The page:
Sunday, November 25, 2012

Secession petitions and Confederate symbols

One question that hasn't been discussed is how people might perceive Confederate symbols, statues, flags, etc. with these secession petitions.  Jon Stewart makes reference to them in his comical take on the secession petitions. One can't but notice that the petitions achieving 25,000 signatures and thus promised a reply are from former Confederate states. The following is  a link to Stewart's commentary.

The tolerance of glorifying the Confederacy has been based on the idea that the Confederacy and secession were safely dead. That was the basis of the politics overthrowing Reconstruction, Southern leaders constantly emphasizing that secession was not an option and how patriotic they were. This is the basis of their later politics, especially with the Spanish American war.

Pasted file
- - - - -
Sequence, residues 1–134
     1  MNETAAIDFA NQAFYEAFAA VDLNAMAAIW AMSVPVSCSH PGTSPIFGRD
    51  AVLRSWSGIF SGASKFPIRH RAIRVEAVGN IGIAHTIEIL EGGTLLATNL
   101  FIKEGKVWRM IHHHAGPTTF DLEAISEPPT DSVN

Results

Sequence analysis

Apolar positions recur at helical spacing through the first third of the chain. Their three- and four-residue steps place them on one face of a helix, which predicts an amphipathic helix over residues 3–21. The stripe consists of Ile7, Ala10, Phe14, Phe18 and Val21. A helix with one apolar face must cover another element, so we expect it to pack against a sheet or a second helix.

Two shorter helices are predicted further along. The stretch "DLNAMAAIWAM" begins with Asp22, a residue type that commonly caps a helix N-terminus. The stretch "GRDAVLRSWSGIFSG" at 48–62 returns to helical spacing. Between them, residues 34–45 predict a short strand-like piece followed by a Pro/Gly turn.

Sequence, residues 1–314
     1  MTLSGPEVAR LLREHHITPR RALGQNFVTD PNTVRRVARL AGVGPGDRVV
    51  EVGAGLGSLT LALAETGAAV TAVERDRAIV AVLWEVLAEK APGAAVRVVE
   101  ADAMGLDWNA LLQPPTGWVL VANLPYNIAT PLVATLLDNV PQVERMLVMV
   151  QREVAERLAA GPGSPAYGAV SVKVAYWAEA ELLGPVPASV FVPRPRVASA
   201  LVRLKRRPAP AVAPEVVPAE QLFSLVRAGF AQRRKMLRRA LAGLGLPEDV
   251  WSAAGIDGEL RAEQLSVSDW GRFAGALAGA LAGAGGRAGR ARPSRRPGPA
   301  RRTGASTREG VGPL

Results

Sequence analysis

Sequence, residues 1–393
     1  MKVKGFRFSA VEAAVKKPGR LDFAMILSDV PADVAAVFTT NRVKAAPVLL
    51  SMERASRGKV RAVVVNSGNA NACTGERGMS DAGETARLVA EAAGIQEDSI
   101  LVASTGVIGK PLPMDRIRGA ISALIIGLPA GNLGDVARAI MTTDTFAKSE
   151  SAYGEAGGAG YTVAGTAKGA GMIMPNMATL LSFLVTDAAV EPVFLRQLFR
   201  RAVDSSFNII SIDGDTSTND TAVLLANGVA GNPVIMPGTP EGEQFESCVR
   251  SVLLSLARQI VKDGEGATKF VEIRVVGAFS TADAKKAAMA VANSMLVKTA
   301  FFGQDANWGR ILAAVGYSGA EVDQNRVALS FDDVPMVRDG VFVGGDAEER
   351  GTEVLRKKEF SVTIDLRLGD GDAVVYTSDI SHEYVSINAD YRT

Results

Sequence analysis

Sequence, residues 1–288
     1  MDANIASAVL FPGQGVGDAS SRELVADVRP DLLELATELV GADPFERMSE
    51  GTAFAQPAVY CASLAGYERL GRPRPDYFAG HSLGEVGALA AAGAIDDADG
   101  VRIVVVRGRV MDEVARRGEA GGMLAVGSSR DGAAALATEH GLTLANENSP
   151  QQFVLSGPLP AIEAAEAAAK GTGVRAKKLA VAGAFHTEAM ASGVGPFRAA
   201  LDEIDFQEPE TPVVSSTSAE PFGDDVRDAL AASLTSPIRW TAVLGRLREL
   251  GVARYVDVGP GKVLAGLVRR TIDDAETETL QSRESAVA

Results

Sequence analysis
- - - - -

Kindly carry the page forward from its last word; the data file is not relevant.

With the Confederacy safely dead, the Lost Cause is romantic to some as long as it stays "Lost." People watch Vivien Leigh and Clark Gable in "Gone With the Wind."

If the Lost Cause isn't so lost, such as with 800,000 plus signatures on secession petitions at,  then it isn't so romantic. I can't help but think that a lot of people will look at the Confederacy, and its remembrances and symbols with some distaste. They will think secession is very unlikely, but they will not be comfortable with glorifying secession or remembering it. They know that the unlikely can unexpectedly, surprisingly become likely.

Enthusiasm for the Confederacy and secession will no longer be thought as an amusing eccentricity or fantasy, it will be at some level be seen with a little bit of apprehension. People continuing to indulge Lost Cause enthusiasts themselves will not be appreciated.

I plan to make reference to these petitions in our 2013 letter to Obama asking him not to send a wreath to the Arlington Confederate monument.

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